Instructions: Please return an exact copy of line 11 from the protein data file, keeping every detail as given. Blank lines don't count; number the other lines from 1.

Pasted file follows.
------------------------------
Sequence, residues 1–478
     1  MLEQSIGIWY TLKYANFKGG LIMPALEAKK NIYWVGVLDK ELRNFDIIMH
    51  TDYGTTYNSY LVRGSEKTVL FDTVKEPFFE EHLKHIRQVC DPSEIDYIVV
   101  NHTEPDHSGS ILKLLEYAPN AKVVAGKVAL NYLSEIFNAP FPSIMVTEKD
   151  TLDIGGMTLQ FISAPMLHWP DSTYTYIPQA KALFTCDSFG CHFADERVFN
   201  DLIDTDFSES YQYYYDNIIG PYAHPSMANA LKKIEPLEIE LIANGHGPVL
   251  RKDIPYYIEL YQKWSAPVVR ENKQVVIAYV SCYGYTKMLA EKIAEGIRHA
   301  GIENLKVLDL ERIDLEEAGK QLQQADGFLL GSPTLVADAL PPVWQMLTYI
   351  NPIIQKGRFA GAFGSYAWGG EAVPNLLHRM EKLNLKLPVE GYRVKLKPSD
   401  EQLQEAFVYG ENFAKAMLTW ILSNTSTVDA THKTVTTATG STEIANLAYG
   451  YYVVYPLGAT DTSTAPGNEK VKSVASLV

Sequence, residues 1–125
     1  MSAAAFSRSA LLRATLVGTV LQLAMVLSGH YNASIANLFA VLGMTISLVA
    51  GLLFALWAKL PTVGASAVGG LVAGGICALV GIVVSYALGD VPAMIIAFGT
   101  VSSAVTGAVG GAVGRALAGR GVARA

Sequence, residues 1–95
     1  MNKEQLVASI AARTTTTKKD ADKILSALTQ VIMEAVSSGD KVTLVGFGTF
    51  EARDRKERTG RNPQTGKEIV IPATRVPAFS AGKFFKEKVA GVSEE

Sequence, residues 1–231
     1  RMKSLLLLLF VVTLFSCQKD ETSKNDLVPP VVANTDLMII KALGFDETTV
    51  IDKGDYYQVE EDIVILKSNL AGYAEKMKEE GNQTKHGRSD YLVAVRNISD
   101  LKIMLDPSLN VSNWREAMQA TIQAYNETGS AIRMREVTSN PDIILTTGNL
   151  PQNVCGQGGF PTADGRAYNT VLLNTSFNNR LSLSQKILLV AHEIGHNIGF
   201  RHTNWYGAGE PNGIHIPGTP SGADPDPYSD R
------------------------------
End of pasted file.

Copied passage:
   451  YYVVYPLGAT DTSTAPGNEK VKSVASLV